Sword, 1/72 scale
u m m a r y
|Description and Catalogue Number:
||Sword Kit No. SW SW 72107 – FJ-2 Fury
|Contents and Media:
57 parts in grey coloured plastic, 2 grey resin parts. 6 clear polythene parts; markings for three aircraft.
Available online from these stockists:
and hobby retailers worldwide
||This is the only FJ-2 Fury available in 1/72 scale. Accurate outline; crisp well detailed moulded plastic parts; nicely printed decal sheet with minimal carrier film and perfect register. Excellent resin seat. Optional canopy position.
Some minor flash around some parts. Limited release kit so will need some test fitting to ensure a good fit. Paint call outs are generic colours with no brand or FS information. Flimsy end opening box.
Sword Models has released the first FJ-2 Fury in the scale with 3 schemes. The model itself, is of a high quality but colour references are poor and make finishing the model harder.
Reviewed by David Couche
Airfix's 1/48 scale Spitfire Mk. Vb will be available online from Squadron.com
The North American FJ-2 is a swept-wing carrier-capable fighter for the United States Navy and Marine Corps. The FJ-2 resulted from an effort to navalize the United States Air Force's F-86 Sabre. These aircraft featured folding wings, and a longer nose landing strut designed to increase angle of attack upon launch and to accommodate a longer oleo to absorb the shock of hard landings on an aircraft carrier deck.
Although sharing a U.S. Navy designation with its distant predecessor, the straight-winged North American FJ-1 Fury, the FJ-2/-3 were completely different aircraft. (The later FJ-4 Fury was again, a complete structural redesign of the FJ-3). The FJ-2 was one of the aircraft used to evaluate the first steam catapult on a US Navy aircraft-carrier.
The first prototype to fly was actually the third aircraft ordered: Designated XFJ-2B and first flown on 27 December 1951, it differed only from a standard F-86E-10 in its armament, having four 20-mm Colt Mk 12 cannon instead of the six Colt-Browning M3 .50 machine guns of the Sabre. The second and third aircraft to fly were designated XFJ-2 and lacked armament, but were modified to be carrier-capable: They had an arrester hook and a longer nosewheel leg to increase angle of attack at take-off and landing, and catapult fittings. In August 1952 carrier trials were flown on USS Midway, followed by carrier qualification trials on USS Coral Sea in October–December 1952. Results were less than satisfactory. Low-speed handling was considered poor, and the arrester hook and nose gear leg were insufficiently strong.
The first production aircraft flew on 22 November 1952. This FJ-2 incorporated further modifications for carrier operations: The track of the main landing gear was widened by eight inches, the outer wing panels folded upward, and the windscreen was modified to give the pilot a better view during approach. The FJ-2 also featured an all-moving "flying tail" without dihedral. Because of problems experienced during launches with steam catapults, a number of FJ-2 later received a stronger nosewheel strut. Outwardly, the FJ-2 was hard to distinguish from an F-86, apart from Navy paint and the gun muzzles of the 20 mm cannon. The engine was the General Electric J47-GE-2, a navalized version of the J47-GE-27 used in the F-86F. The naval modifications of the FJ-2 had increased weight by about 500 kg over the F-86F, but unfortunately had not succeeded in delivering a fully carrier-capable fighter. A decision had already been made to give it to land-based squadrons of the US Marine Corps.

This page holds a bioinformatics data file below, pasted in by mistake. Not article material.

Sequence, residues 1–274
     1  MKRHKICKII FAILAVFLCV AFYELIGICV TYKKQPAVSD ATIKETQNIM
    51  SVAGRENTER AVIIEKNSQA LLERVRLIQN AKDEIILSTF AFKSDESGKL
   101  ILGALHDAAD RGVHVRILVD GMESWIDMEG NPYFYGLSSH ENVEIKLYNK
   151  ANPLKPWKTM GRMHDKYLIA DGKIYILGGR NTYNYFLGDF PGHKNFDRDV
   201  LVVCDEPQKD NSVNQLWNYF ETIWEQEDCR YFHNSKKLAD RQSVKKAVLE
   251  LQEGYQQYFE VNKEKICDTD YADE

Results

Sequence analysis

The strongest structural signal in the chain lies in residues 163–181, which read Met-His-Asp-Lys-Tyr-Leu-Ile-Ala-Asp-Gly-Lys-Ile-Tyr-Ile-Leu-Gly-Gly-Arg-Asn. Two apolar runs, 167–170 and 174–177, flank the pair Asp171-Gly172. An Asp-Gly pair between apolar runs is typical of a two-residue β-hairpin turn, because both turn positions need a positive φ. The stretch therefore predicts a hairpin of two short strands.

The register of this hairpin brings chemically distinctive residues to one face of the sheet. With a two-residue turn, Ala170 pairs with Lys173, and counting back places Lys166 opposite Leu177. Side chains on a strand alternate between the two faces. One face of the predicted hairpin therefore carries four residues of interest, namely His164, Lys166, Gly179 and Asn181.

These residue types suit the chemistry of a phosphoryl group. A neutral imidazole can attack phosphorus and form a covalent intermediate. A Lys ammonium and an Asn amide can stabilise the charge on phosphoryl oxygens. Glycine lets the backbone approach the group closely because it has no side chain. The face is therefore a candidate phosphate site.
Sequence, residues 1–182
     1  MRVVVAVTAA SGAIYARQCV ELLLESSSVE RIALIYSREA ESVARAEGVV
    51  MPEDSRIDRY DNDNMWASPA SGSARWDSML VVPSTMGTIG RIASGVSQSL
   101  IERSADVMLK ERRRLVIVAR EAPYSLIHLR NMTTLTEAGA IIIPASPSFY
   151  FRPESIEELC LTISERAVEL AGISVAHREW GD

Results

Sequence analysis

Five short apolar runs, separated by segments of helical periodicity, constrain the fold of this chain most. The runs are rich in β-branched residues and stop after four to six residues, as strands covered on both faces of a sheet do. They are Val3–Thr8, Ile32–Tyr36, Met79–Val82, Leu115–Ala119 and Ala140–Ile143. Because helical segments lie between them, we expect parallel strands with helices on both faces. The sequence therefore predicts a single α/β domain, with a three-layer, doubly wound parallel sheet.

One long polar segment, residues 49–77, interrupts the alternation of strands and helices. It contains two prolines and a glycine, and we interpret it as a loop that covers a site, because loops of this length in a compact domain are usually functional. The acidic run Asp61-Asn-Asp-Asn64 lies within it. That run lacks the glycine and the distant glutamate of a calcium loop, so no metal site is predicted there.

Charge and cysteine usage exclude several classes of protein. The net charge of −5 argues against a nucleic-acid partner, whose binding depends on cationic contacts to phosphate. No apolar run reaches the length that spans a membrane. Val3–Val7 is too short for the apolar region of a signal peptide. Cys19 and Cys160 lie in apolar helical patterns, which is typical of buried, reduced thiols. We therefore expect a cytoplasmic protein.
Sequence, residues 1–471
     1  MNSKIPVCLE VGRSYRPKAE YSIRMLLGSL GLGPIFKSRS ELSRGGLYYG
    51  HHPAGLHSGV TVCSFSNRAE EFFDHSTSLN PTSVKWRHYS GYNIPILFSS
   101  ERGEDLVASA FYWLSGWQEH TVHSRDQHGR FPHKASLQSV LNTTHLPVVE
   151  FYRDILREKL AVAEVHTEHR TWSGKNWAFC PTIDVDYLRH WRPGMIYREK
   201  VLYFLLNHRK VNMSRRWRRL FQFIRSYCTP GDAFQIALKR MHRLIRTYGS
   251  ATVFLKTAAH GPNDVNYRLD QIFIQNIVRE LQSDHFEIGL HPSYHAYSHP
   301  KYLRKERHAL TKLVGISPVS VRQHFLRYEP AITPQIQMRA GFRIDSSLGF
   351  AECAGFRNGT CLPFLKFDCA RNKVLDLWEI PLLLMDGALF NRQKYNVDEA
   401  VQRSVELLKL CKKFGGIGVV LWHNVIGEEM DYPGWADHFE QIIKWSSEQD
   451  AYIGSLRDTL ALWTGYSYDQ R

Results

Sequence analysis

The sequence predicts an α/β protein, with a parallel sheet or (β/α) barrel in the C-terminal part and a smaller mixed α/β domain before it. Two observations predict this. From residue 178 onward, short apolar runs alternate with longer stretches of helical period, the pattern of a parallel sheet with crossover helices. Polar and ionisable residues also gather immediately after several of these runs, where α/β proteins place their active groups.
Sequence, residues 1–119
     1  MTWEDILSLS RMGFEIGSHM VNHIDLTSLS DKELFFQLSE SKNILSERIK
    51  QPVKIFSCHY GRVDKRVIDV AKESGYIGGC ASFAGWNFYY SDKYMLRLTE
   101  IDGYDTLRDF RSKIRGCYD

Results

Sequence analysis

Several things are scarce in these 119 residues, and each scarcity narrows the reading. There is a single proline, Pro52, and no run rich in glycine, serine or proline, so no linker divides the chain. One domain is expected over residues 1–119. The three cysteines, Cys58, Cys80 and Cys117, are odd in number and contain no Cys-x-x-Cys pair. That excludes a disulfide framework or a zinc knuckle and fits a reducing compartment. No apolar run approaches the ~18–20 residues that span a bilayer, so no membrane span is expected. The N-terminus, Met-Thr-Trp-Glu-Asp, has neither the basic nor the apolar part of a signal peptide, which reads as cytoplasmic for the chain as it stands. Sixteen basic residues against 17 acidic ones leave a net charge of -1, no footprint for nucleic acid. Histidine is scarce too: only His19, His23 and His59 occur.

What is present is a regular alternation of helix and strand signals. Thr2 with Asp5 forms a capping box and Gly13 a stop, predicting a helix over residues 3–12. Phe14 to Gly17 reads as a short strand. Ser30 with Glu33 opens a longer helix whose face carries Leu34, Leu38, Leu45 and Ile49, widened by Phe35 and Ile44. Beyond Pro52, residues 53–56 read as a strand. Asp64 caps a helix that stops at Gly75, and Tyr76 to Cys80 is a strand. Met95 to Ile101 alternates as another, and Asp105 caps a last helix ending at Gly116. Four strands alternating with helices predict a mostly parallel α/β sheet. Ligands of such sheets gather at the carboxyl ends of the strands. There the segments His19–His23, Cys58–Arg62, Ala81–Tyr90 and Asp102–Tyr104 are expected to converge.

Firstly, I believe that this kit is the first release by any manufacturer of a FJ-2 Fury in 1/72 or any other scale, so well done Sword.
The kit has 2 grey sprues of injected parts which are clean with minimal flash and typical of Sword, have a shiny surface.
The main parts have recessed details which are even and of a suitable size for the scale.
As you would expect from a limited release manufacturer, there are no location tabs or point so carefully alignment is a must. Test fitting of the wing sections shows a very neat join, so I wouldn’t expect much in the way of problems for the rest of the model. It’s nice to see a blanked off intake section, with the blanking plate as part of the rear wall of the cockpit. Parts seem to measure up accurately when compared with drawings in the Steve Ginter, “North American FJ-2” book.
A neat resin seat comprising of the seat and the headrest, comes with the kit. No seat belts moulded on it, which is a shame, as Sword included them in the P-80 A/B kit.
The canopy is a clear and fault-free moulding. The thickness is quite appropriate for the scale. The multi-part canopy allows you to have the canopy either open or closed.
There are also a clear wing tip lights, HUD glass and tail light on the sprue.
There are 3 schemes, which are all natural metal versions.
FJ-2 Bu No. 131979, VMF-235, USS Hancock, 1954 – red trim
FJ-2 Bu No. 131941, VMF-451, 1954 – blue trim
FJ-2 Bu No. 132057, VMF-312, MCAS Cherry Point,, 1955-56 – black/white checker trim
The decals are printed by Techmod. There is minimal carrier film evident and they seem to be in excellent register.
Be aware that for the red and blue banded airframes, you will need to paint those sections and the noses and the stars are only white on clear carrier.
This kit gives modellers of the “Gentleman Scale” a brand new, not previously manufactured, earlier jet fighter of the USN and Marines. It will make up into a very neat and detailed model with the inclusion of the resin details. To be honest, it will take care and the checking of fit….many times to ensure it all goes together but you will gain an interesting early USM fighter for the collection.
Thanks to Sword Models for the review samples.
Text and Images Copyright © 2018 by John Miller
Page Created 3 April, 2018
3 April, 2018
Back to HyperScale Main Page